Geek of the Week: Nettie Maria Stevens
By Joe Luna
Now here is a paper title from 1905 – “Studies in Spermatogenesis with Especial Reference to the Accessory Chromosome” published in the 36th publication from the Carnegie Institute of Washington. For all the male readers out there, your father may have given you your Y chromosome, but it was a woman who first discovered it. And her name, the sole author of the above paper, was Nettie Maria Stevens (born July 7, 1861).
As you might imagine, academic science was a tough shell to crack for a woman growing up after the Civil War. Stevens was lucky enough to attend the Westford Academy for high school, but further educational options for unmarried young women were limited. To make ends meet, Stevens became a school-teacher and that’s where the story would’ve ended for most women. But not for Nettie Stevens. After saving for more than 15 years, she had enough money to enroll in the four-year program at the Westford Normal School; she finished it in two. Her strong academic record earned her at age 35 enrollment at a relatively new university in Palo Alto, California. Four short years later, Stevens earned her BA (1899) and MA (1900), both from Stanford University. Still, she aimed even higher.
In 1900, Stevens went to Bryn Mawr for graduate school, where she would receive her PhD in 1903. At the time, Bryn Mawr was an incubator for early American geneticists: Thomas Hunt Morgan (remembered for pioneering drosophila research) was a faculty member, having replaced the noted cytologist Edmund Beecher Wilson (more on him later) who accepted a position at Columbia some years earlier. Genetics was very much still in its infancy at the turn of the 20th century, primarily for lack of experimental model systems, but not for lack of microscopes, which were aplenty. And so, with a slue of staining reagents in hand, early geneticists (cytologists in actuality) did what they could do: look at every cell they could get their hands on.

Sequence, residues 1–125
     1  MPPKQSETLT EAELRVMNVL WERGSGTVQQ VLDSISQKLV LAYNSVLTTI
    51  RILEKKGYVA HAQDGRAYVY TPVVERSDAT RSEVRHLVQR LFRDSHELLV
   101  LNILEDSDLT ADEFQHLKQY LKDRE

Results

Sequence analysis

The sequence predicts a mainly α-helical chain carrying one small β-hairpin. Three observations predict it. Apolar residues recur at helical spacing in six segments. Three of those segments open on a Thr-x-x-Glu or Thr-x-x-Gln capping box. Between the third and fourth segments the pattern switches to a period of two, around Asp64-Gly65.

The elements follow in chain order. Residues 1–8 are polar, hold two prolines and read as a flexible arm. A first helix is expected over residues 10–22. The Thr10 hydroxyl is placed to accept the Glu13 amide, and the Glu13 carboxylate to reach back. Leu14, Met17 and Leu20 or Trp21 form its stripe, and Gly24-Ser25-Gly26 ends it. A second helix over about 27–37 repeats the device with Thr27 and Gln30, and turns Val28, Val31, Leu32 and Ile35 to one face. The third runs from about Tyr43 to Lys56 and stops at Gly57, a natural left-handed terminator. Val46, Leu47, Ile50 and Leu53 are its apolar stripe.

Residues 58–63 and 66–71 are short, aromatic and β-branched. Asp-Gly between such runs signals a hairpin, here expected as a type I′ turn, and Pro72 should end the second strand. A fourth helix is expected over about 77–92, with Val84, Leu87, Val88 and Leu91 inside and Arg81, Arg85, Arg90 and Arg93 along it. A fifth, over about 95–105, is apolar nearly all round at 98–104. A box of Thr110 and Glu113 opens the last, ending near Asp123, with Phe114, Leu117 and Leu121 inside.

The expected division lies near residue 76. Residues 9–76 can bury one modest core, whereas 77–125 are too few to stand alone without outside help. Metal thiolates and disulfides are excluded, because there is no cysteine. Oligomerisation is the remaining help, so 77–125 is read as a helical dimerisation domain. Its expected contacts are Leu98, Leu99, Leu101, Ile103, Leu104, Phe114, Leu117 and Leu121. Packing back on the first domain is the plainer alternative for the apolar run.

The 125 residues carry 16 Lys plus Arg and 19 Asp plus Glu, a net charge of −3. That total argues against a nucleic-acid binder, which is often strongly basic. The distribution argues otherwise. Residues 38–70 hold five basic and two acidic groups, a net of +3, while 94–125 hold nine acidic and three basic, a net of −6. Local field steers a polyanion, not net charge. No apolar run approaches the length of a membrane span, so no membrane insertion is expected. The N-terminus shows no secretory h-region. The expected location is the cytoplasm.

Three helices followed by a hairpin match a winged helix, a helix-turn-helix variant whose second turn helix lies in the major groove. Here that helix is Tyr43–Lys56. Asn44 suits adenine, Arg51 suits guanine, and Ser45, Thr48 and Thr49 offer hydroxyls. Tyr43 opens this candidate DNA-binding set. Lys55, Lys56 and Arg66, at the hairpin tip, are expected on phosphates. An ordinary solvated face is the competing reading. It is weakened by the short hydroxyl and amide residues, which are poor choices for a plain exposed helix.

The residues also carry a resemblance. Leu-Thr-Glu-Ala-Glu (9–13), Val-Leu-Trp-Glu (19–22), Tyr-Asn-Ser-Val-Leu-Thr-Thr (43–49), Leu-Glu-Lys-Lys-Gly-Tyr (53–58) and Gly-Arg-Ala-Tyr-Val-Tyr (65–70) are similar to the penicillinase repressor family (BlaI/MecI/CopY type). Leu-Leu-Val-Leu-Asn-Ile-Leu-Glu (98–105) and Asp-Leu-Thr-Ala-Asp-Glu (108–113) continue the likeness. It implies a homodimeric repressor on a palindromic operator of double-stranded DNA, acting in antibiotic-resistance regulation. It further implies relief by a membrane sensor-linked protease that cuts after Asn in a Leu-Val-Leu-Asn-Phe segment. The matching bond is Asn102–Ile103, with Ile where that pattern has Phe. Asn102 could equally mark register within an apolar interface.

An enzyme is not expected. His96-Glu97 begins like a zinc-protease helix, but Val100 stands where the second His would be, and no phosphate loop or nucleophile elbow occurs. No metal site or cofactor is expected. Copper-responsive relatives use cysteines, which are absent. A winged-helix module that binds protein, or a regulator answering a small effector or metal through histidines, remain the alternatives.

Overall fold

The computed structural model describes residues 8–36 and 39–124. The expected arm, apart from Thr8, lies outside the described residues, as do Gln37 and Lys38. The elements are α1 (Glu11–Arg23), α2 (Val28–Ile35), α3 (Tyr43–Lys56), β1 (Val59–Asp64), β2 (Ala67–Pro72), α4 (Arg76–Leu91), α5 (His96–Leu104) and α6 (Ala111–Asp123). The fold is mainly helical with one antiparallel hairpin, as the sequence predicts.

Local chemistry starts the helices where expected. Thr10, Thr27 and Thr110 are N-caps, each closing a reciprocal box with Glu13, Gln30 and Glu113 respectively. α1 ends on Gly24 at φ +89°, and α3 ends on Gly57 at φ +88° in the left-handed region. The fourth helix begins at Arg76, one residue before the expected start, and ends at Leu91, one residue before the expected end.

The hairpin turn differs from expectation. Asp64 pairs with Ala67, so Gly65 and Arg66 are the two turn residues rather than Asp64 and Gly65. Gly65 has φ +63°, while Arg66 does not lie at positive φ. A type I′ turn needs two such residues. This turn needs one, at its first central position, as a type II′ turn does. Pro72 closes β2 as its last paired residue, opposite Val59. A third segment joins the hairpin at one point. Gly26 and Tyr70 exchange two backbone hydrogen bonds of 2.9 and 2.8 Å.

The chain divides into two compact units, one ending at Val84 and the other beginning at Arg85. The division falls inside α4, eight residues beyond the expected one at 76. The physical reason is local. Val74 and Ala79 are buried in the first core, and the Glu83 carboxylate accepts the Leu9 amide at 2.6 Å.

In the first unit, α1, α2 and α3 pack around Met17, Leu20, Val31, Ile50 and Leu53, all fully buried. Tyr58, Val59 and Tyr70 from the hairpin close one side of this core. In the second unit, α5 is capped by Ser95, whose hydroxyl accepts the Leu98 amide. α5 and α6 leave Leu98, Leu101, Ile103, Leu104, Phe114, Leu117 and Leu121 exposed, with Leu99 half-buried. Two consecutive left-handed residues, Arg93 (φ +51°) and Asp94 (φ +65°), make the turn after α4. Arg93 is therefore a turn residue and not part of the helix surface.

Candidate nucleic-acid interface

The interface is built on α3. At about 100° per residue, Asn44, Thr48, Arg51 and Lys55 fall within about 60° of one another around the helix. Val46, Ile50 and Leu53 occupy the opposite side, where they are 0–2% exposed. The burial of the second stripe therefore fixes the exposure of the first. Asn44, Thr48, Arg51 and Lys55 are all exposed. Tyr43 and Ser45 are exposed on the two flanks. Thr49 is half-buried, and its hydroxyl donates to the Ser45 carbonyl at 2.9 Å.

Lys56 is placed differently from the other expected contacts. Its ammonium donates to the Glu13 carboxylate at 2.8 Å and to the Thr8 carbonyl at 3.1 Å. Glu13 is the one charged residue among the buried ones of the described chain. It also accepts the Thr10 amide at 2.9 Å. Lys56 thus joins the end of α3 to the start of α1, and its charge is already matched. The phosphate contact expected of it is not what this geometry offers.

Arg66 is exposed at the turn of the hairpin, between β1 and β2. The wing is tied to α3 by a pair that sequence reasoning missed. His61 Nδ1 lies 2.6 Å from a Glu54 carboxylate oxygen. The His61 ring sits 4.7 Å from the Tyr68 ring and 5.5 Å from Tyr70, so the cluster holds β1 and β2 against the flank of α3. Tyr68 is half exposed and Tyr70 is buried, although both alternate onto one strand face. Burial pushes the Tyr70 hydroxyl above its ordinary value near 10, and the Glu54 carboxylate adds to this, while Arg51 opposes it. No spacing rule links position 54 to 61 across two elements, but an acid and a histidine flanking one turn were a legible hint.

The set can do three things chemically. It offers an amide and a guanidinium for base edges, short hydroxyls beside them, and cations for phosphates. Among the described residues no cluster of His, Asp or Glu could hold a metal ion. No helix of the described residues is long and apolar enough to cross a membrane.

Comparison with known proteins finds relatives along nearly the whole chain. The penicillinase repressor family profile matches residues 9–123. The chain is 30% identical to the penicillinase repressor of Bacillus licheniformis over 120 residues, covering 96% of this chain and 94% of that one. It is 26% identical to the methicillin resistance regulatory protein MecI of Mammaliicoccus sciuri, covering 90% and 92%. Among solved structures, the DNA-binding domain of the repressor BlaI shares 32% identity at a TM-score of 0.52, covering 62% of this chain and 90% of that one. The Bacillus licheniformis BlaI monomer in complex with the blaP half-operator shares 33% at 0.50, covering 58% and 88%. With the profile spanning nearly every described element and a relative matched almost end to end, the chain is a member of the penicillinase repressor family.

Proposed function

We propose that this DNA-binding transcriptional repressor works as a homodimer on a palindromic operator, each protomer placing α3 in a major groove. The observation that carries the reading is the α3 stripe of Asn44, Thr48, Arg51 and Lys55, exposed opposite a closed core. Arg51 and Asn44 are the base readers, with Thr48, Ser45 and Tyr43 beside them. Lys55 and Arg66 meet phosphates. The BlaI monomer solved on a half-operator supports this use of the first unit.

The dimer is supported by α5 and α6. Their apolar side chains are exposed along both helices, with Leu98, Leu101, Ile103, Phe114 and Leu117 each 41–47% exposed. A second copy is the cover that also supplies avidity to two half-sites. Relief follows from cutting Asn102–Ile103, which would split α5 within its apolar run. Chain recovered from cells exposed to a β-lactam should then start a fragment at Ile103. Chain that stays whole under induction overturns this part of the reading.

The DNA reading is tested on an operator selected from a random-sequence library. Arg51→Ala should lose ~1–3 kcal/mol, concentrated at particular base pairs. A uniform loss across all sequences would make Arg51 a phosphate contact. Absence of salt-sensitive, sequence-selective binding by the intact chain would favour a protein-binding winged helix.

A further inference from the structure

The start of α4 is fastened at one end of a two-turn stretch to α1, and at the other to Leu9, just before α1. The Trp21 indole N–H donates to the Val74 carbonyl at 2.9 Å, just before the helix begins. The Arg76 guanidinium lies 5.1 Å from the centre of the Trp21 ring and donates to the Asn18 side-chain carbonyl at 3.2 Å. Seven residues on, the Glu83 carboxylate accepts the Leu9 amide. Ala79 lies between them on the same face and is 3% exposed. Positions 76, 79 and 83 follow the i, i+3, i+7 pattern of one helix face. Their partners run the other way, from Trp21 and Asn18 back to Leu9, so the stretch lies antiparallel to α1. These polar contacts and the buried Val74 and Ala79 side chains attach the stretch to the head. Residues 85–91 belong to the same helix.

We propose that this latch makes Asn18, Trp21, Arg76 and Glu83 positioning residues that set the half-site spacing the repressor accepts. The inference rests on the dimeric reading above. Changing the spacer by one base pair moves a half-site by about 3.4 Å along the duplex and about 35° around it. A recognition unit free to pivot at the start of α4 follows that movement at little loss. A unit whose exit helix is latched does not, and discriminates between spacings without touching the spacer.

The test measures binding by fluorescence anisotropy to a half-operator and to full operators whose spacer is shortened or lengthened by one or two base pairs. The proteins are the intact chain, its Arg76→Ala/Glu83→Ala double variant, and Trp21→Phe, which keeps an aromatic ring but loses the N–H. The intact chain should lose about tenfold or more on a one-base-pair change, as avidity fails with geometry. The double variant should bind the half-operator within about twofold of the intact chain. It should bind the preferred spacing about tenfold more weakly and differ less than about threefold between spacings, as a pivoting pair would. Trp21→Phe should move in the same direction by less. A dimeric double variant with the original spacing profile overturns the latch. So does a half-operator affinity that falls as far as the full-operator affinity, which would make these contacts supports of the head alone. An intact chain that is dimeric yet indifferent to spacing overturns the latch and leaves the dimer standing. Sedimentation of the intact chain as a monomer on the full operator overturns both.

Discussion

In 1904, Morgan left for Columbia, while Stevens stayed at Bryn Mawr in somewhat of her own research position, winning fellowships to study in Europe and securing funds from the Carnegie Institute of Washington (Andrew Carnegie’s version of the Rockefeller Institute, except without a central campus). That year, she set about describing spermatogenesis in a variety of insects and stumbled upon something extraordinary.
At the time, Morgan, Stevens and Wilson were interested on the chromosomal basis of heredity. They and others had observed that when cells divided, cells went through an orderly cycle that basically involved the condensation and separation of a certain number of chromosomes. But what were these chromosomes? What sort of information did they contain that made their orderly separation so critical? What governed their number? Could they determine the sex of an organism? This last question was of particular interest, but also the most enigmatic, because one could conclude just about anything depending on the organism under study. Still one thing was clear, males (of many species) typically had a weird shrunken poor-excuse-of-a-chromosome (isn’t that always the case?), while females did not. Wilson had argued that this male “accessory” chromosome determined sex. Still, many had their doubts, and contended that this “accessory” chromosome had nothing to do with sex but was an instead an intermediate stage of chromosome number in the evolution of a species.